Windows
95, 98, 98 SE and ME, the MS- DOS
DOS
part was (superficially) integrated, treating both operating systems as a complete package, though the DOS
DOS
component could actually stand alone. The command line accessed the DOS
DOS
command line (usually COMMAND.COM) through a Windows
Windows
module (WINOLDAP.MOD).[clarification needed] A new line of Windows, ( Windows
Windows
NT), boot through a kernel whose sole purpose is to load Windows. One cannot run Win32 applications in the loader system in the manner that OS/2, UNIX
UNIX
or Consumer Windows
Windows
can launch character-mode sessions. The command session permits running of various supported command line utilities from Win32, MS-DOS, OS/2
OS/2
1.x and POSIX. The emulators for MS-DOS, OS/2
OS/2
and POSIX use the host's window in the same way that Win16 applications use the Win32 explorer. Using the host's window allows one to pipe output between emulations. The MS- DOS
DOS
emulation is done through the NTVDM (NT Virtual DOS Machine). This is a modified SoftPC (a former product similar to VirtualPC), running a modified MS- DOS
DOS
5 (NTIO.SYS and NTDOS.SYS). The output is handled by the console DLLs, so that the program at the prompt (CMD.EXE, 4NT.EXE, TCC.EXE), can see the output. 64-bit Windows does not have either the DOS
DOS
emulation, or the DOS
DOS
commands (EDIT, DEBUG, EDLIN), that come with 32-bit
32-bit
Windows. The DOS
DOS
version returns 5.00 or 5.50, depending on which API function is used to determine it. Utilities from MS- DOS
DOS
5.00 run in this emulation without modification. The very early beta programs of NT show MS- DOS
DOS
30.00, but programs running in MS- DOS
DOS
30.00 would assume that OS/2
OS/2
was in control. The OS/2
OS/2
emulation is handled through OS2SS. EXE and OS2.EXE, and DOSCALLS.DLL. OS2. EXE is a version of the OS/2
OS/2
shell (CMD.EXE), which passes commands down to the OS2SS.EXE, and input-output to the Windows NT shell. Windows 2000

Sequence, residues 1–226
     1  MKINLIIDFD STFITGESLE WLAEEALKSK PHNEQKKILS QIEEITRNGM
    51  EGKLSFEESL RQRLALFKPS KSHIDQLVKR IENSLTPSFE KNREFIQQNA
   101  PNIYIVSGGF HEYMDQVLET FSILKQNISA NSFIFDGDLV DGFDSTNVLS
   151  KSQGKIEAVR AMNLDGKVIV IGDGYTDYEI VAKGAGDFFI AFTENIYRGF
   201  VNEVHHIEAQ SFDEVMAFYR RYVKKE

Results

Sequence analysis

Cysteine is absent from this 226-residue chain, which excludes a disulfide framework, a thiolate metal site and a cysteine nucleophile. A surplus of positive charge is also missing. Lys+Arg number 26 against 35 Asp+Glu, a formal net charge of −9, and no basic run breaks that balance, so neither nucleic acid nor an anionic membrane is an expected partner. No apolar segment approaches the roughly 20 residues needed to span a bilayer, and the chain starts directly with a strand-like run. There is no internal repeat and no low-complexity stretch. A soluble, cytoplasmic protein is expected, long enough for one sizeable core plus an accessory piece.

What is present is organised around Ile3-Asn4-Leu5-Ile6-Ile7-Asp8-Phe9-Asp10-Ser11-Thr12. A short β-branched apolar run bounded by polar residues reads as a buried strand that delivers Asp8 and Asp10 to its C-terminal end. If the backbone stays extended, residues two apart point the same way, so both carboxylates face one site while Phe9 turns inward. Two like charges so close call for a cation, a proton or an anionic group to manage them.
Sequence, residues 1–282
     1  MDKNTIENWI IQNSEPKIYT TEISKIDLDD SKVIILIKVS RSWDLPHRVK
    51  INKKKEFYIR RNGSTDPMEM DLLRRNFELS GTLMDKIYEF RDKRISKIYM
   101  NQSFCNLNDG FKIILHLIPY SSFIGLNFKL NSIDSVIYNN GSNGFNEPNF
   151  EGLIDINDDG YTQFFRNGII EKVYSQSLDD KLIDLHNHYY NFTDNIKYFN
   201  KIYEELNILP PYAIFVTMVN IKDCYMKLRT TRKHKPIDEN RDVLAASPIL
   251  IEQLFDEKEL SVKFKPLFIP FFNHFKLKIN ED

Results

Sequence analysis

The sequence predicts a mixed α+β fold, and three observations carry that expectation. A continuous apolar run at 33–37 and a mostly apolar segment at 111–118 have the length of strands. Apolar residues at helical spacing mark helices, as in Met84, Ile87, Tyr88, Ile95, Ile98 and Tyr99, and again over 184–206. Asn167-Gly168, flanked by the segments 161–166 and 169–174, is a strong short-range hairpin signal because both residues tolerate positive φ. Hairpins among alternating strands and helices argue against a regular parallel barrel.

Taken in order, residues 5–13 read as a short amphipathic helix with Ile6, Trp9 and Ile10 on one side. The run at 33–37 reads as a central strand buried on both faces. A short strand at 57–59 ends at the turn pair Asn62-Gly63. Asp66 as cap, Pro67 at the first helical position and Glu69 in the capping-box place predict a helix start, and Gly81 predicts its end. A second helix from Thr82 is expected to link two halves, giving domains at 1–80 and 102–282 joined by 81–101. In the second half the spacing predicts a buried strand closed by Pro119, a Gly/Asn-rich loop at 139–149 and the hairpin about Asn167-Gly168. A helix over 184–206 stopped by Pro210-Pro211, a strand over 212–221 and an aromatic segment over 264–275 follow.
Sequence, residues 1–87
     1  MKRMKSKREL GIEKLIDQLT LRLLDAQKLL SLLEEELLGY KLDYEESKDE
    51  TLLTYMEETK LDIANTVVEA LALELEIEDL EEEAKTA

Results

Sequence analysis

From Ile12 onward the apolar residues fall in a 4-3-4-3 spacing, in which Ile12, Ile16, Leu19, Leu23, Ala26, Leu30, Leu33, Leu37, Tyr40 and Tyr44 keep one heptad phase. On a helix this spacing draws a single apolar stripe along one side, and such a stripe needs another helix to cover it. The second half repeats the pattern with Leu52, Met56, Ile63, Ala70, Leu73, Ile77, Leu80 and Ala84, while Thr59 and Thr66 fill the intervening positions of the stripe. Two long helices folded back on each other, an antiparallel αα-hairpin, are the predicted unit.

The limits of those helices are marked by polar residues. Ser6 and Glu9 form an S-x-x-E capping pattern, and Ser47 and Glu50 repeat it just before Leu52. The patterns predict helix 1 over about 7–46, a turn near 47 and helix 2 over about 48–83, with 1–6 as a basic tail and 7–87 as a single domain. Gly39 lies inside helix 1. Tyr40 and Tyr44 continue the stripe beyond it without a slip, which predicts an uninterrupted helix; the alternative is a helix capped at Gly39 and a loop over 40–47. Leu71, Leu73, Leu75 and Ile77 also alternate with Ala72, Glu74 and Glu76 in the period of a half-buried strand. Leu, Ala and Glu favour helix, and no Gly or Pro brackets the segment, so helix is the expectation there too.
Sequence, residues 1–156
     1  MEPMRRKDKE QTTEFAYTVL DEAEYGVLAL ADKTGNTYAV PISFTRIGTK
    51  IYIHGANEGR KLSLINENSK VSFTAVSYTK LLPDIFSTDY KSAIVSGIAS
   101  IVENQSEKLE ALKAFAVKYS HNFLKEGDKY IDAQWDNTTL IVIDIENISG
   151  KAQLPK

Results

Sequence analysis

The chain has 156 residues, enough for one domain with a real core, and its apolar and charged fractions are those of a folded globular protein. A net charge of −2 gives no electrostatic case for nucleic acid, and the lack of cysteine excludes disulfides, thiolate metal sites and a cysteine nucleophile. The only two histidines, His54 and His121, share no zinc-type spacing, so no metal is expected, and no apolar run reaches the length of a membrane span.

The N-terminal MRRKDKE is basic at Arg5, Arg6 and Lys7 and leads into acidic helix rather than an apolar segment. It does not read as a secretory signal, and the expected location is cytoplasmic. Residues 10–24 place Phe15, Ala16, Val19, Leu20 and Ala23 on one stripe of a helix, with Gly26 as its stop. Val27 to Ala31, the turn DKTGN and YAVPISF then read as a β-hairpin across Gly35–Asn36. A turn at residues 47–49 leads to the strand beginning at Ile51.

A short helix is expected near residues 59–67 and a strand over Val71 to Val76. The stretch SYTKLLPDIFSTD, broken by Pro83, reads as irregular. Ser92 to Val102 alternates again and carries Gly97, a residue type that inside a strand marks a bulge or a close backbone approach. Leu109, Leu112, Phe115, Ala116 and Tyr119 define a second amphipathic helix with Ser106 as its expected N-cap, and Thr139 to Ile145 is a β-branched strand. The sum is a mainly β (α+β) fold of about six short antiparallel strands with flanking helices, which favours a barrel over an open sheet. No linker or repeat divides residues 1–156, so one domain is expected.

Windows 2000
was the last version of NT to support OS/2. The emulation is OS/2
OS/2
1.30. POSIX is emulated through the POSIX shell, but no emulated shell; the commands are handled directly in CMD.EXE. The Command Prompt
Command Prompt
is often called the MS- DOS
DOS
prompt. In part, this was the official name for it in Windows 9x
Windows 9x
and early versions of Windows NT
Windows NT
(NT 3.5 and earlier), and in part because the SoftPC emulation of DOS
DOS
redirects output into it. Actually only COMMAND.COM and other 16-bit commands run in an NTVDM with AUTOEXEC.NT and CONFIG.NT initialisation determined by _default.pif, optionally permitting the use of Win32 console
Win32 console
applications and internal commands with an NTCMDPROMPT directive. Win32 console
Win32 console
applications use CMD. EXE as their command prompt shell. This confusion does not exist under OS/2
OS/2
because there are separate DOS
DOS
and OS/2
OS/2
prompts, and running a DOS
DOS
program under OS/2
OS/2
will launch a separate DOS
DOS
window to run the application. All versions of Windows
Windows
for Itanium
Itanium
(no longer sold by Microsoft) and x86-64 architectures no longer include the NTVDM and can therefore no longer natively run MS- DOS
DOS
or 16-bit Windows
Windows